Product. That’s the single most abused word in Product Design.
Products are things that are manufactured for sale, and must be purchasable. The buyer will likely have access to it after they’ve paid for it.
It’s that simple, and that complicated for today's designers. The word Product has become a portmanteau for the following: Physical products, Internet-connected things, consumable packaged goods, software applications, digital services and platforms, real-world services and experiences, and anything else that can be made and sold which won’t fit into the previous categories.
Applying design to a broader range of things we use in the world—that’s often good for both customers and businesses. However, that’s not so good for those who have decided on a whim to update their title on LinkedIn to read Product Designer. It's also not so good for hiring managers who want job titles to have Product in it. We are seeing this play out in weird job titles and job descriptions, probably written by people who don’t realize they’re compounding the issue:
- Visual Design/Product Design Manager (actually UI Design in Scrum/Agile)
- Senior Product Designer-Visual (also UI Design)
- UX Product Designer (pure UX/UI Design)
- Head of Product Design & Development (Industrial Design and Physical Product Development)
And I just looked at the first scroll of a set of job listings.
It’s appropriate to say that your company makes products, and that you have a VP of Product, and that thing that you sell isn’t an old-fashioned manufactured physical product. The writer of an article I read yesterday in the New Yorker went so far as to call an LED product a “product-as-service” because the word Product didn’t really do justice to something that you would lease. (That was thoughtful.)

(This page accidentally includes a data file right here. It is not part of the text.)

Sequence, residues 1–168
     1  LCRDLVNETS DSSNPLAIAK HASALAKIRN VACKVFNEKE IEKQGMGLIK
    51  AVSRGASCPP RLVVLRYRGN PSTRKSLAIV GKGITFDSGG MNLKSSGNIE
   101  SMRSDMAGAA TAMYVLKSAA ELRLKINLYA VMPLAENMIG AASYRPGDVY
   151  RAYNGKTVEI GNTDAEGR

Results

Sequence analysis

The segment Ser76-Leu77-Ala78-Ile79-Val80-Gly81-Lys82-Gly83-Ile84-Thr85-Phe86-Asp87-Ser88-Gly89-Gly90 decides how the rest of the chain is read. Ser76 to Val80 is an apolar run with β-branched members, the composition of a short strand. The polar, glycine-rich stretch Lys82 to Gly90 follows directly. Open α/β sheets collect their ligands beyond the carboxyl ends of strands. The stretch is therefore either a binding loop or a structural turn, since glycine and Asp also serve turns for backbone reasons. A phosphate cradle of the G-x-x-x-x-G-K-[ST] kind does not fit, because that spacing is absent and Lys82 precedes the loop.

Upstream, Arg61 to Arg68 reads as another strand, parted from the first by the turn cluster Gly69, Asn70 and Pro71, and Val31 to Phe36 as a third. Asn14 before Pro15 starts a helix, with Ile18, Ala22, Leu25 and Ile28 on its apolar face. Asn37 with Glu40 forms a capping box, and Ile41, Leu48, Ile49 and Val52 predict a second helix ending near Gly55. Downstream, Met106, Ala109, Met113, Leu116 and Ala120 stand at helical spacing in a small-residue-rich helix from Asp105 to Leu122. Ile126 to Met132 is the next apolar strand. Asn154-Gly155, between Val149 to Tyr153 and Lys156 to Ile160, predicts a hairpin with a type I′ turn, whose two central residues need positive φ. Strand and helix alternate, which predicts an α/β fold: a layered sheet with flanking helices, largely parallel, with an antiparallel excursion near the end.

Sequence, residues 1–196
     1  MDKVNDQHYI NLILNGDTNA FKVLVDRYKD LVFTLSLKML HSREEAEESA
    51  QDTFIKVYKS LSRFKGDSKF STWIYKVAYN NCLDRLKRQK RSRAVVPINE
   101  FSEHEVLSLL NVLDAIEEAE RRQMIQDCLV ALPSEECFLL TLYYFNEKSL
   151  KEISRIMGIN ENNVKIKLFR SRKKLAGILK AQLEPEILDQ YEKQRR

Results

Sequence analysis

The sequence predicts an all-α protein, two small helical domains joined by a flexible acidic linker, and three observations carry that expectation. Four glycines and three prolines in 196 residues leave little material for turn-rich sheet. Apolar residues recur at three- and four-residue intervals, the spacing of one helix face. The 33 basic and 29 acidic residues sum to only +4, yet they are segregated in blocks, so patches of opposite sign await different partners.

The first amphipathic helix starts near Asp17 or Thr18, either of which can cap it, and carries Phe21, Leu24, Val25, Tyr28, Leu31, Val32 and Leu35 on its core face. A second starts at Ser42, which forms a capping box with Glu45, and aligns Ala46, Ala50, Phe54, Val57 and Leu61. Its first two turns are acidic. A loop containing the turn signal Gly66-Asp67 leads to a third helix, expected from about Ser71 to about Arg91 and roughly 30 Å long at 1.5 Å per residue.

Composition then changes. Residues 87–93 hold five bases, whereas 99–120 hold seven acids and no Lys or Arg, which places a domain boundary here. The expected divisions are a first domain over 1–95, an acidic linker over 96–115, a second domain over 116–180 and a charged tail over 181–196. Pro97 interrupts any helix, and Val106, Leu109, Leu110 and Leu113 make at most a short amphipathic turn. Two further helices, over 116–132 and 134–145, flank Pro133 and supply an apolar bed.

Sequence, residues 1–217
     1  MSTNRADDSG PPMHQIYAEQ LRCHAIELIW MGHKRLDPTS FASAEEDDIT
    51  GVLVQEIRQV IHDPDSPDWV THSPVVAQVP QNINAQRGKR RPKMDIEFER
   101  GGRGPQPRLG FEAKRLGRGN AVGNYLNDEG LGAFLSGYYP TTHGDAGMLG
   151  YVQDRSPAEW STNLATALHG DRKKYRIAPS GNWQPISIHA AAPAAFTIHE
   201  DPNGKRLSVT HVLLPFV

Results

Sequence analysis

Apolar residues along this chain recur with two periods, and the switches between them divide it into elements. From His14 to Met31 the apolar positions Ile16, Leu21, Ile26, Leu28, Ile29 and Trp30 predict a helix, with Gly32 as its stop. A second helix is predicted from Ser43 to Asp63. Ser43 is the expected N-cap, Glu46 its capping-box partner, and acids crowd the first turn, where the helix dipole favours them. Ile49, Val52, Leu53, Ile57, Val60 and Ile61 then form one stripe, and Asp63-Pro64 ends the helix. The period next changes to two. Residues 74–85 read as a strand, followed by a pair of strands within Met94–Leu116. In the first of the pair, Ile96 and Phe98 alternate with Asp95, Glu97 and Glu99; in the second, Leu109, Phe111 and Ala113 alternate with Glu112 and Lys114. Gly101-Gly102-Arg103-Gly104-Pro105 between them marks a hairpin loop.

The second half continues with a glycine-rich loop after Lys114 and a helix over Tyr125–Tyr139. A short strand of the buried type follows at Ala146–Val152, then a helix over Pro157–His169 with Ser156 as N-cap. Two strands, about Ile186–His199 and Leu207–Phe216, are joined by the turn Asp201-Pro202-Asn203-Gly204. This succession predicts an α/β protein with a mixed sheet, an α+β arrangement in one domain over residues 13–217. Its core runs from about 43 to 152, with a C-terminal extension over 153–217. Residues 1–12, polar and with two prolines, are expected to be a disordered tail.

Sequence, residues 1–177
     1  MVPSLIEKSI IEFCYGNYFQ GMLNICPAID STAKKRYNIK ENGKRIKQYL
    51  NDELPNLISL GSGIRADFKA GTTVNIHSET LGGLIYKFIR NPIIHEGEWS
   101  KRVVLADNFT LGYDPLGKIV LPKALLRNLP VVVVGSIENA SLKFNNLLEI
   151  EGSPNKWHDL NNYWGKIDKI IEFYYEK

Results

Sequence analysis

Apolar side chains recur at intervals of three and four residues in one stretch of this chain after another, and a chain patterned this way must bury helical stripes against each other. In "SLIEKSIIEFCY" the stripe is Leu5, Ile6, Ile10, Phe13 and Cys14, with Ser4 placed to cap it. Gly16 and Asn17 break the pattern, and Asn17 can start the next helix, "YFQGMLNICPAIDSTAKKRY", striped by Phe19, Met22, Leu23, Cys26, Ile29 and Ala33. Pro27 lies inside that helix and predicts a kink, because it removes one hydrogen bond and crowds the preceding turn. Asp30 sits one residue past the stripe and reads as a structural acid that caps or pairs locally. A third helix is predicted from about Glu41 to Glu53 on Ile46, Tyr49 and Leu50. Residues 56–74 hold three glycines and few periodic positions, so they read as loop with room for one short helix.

So, here's my advice. Be cautious about saying that if you’re working on anything that can be sold, you’re automagically a Product Designer. Because if you say you’re doing Product Design, you’d better nail the basics. A Product Designer should be adept at identifying customer problems (“jobs”), as well as formulating and testing product assumptions and hypotheses around what solutions will help people achieve those jobs. Whenever possible, this should be happening through well-constructed experiments.
When I see work from a Product Designer and they are not doing the above things—or worse, they are not even aware that these are things that Product Designers are supposed to do—we are creating a new set of problems for design organizations, and a new set of demands that design education needs to snap to attention and fulfill. Product Design may require tools and skills that aren't always emphasized in Industrial Design or Graphic Design or UX Design or Interaction Design or Service Design or any of the other flavors that are in the Skittles grab bag of design education. Since the word Product has been so heavily diluted, a Product Designer may need to exercise skills drawn from any of those disciplines depending on the kinds of customer problems they are trying to solve—plus Product Design basics.
It’s unlikely that we can stop this Product Big Bang. But what we can do is be more precise about what we expect from designers, and designers can be more thoughtful about how they want to represent their skills when working on products.
So, what’s the second most abused word in Product Design?